Good Friday in Costa Rica

Good Friday, or "Viernes Santo" in Spanish, is a significant religious event in Costa Rica. It is a day of solemn observance and an important part of the Holy Week, commemorating the crucifixion of Jesus Christ and his death at Calvary. Good Friday is observed on the Friday before Easter Sunday, and its date varies each year, following the lunar calendar.


Costa Rica, a predominantly Catholic country, has been celebrating Good Friday since the arrival of the Spanish colonizers in the 16th century. The Catholic faith, brought by the Spanish conquistadors and missionaries, played a significant role in shaping the cultural and religious identity of the nation. Over the centuries, Good Friday and the Holy Week have become an integral part of Costa Rican culture and tradition.


National customs for Good Friday in Costa Rica

Good Friday in Costa Rica is marked by religious processions, church services, and various cultural events. The day is a national holiday, and many businesses and offices remain closed. Families typically reunite and spend the day together, attending religious ceremonies and participating in community events.

One of the most significant customs during Good Friday in Costa Rica is the reenactment of the Stations of the Cross, known locally as "Las Pasos." This procession involves participants dressed as biblical characters, carrying a large wooden cross through the streets, symbolizing Jesus' journey to Calvary. The event is held in various cities and towns across the country, with the most famous one taking place in the capital city of San José.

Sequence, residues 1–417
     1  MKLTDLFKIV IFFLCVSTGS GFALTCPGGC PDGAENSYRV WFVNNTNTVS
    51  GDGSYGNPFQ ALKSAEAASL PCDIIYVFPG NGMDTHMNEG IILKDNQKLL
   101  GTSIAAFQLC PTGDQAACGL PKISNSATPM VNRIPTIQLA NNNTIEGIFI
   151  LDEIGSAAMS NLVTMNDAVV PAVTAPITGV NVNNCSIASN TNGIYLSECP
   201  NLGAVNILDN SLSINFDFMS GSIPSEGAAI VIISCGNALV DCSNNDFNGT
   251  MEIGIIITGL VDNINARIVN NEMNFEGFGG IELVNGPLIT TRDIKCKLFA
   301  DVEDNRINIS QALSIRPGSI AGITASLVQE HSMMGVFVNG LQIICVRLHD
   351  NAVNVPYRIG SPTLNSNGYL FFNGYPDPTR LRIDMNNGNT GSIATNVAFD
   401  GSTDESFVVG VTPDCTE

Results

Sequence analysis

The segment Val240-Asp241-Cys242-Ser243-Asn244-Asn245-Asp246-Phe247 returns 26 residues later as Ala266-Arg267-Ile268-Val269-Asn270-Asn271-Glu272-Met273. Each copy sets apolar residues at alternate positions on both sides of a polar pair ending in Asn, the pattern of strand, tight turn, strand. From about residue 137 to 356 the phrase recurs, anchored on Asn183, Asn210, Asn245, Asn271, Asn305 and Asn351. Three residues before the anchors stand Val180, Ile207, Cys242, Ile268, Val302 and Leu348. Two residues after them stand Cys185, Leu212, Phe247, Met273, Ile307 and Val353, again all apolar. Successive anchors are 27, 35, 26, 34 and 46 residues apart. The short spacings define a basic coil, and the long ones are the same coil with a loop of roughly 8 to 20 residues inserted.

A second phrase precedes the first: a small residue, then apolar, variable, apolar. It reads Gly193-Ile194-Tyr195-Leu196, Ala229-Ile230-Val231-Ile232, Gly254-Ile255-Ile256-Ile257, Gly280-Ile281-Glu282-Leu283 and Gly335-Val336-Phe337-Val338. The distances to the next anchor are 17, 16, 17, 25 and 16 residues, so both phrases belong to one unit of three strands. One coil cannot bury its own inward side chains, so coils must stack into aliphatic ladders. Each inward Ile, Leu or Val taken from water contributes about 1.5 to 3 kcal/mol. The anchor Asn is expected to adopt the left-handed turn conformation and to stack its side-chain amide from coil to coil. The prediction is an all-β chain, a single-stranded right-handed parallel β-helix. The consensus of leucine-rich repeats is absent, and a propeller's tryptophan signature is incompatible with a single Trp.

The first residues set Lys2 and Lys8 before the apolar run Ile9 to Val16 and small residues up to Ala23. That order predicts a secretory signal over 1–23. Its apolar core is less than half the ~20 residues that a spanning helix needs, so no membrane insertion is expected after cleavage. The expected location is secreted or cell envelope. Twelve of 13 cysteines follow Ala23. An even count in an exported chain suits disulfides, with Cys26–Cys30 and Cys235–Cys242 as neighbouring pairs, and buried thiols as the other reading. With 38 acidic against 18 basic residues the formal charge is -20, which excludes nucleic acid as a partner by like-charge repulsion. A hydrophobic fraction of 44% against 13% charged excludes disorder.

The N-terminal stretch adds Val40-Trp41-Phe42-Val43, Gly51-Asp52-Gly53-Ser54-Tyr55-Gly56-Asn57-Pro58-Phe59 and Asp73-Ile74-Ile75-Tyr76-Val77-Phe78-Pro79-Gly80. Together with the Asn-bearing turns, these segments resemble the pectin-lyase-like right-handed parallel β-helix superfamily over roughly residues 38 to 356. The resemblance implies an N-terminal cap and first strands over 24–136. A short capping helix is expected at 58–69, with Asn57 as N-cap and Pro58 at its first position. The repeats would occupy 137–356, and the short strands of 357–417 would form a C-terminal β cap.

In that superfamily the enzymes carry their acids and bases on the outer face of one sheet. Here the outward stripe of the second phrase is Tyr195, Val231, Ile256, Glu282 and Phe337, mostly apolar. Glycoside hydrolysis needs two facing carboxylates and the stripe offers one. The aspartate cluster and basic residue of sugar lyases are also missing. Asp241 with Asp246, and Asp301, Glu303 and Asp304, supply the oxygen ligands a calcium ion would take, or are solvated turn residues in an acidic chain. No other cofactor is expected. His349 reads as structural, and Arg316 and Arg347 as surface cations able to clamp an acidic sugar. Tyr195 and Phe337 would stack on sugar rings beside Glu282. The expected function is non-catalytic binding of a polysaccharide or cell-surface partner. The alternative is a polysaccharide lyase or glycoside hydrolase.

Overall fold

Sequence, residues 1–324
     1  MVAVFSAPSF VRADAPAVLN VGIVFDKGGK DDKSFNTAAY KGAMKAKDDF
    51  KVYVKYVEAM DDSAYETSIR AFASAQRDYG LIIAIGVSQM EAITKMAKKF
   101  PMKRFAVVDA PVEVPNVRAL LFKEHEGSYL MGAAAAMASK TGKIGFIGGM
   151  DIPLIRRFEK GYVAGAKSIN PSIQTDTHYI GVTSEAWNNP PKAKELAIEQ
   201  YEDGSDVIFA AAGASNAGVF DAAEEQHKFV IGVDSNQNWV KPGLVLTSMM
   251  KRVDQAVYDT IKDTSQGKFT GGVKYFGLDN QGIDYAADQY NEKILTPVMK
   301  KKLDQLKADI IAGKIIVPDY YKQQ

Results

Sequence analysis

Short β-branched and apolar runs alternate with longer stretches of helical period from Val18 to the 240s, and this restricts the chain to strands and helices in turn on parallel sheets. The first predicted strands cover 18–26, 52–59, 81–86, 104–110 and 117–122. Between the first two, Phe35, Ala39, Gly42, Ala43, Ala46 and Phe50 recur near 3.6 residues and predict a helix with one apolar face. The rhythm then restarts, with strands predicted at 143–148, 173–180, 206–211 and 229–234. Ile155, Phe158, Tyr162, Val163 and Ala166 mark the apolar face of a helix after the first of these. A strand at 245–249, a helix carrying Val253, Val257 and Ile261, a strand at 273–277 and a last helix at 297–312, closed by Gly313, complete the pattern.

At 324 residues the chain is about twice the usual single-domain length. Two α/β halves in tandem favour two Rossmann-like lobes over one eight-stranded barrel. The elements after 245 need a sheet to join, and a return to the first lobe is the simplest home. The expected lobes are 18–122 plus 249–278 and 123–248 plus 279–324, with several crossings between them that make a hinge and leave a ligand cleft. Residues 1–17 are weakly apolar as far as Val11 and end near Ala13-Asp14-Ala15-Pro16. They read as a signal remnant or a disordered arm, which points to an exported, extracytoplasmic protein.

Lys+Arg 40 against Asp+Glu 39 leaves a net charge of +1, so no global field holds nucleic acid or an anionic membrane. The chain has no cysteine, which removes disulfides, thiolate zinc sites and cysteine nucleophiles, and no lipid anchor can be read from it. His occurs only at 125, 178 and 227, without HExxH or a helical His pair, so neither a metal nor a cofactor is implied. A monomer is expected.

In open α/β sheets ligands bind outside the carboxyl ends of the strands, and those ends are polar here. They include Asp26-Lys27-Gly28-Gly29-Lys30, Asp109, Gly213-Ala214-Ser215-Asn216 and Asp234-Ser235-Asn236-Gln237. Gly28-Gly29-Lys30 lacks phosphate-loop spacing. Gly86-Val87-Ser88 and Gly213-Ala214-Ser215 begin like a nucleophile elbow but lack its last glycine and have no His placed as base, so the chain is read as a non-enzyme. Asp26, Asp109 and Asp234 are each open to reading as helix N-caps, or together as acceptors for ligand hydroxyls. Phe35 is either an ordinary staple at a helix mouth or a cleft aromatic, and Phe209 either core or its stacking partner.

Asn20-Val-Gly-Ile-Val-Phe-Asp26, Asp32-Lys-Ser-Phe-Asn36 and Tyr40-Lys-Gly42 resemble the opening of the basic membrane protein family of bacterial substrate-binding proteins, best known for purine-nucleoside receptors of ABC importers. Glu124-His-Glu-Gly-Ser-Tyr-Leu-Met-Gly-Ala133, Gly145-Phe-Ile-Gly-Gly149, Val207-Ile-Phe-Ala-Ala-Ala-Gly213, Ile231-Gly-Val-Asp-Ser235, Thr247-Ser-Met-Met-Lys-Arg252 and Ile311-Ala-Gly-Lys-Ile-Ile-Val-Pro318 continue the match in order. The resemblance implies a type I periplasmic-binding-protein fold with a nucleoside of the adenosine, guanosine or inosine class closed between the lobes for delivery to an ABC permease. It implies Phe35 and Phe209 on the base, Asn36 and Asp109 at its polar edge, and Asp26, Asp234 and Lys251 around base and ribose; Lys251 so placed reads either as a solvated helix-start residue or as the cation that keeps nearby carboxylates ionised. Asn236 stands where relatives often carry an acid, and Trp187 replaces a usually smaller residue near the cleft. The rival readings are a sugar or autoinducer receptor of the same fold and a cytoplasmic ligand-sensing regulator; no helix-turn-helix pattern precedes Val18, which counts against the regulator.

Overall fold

Fasting and abstinence are also observed by many Costa Ricans on Good Friday. Traditionally, people abstain from eating meat and consume fish or vegetarian dishes instead. Some of the popular dishes prepared on this day include "ceviche," a raw fish dish marinated in citrus juice, and "tamales de pescado," fish tamales wrapped in banana leaves.

Local customs for Good Friday in Costa Rica

In addition to the national customs, there are unique local customs and traditions associated with Good Friday in different regions of Costa Rica. In some towns, people create elaborate carpets, known as "alfombras," made of colored sawdust, flowers, and other materials, which are laid on the streets as a path for the religious processions.

In the town of Orotina, the "Santo Entierro" procession takes place, where a statue of Jesus is carried in a glass coffin, accompanied by mourners dressed in black, representing the Virgin Mary and other biblical characters. This particular event is one of the most solemn and emotional processions in the country.


Good Friday in Costa Rica is a day of reflection, prayer, and remembrance of the suffering and death of Jesus Christ. The customs and traditions observed on this day, both nationally and locally, showcase the deep-rooted Catholic faith and the importance of community and family in Costa Rican culture. Whether participating in religious ceremonies or enjoying traditional dishes, Good Friday is a time for Costa Ricans to come together and honor their faith and heritage.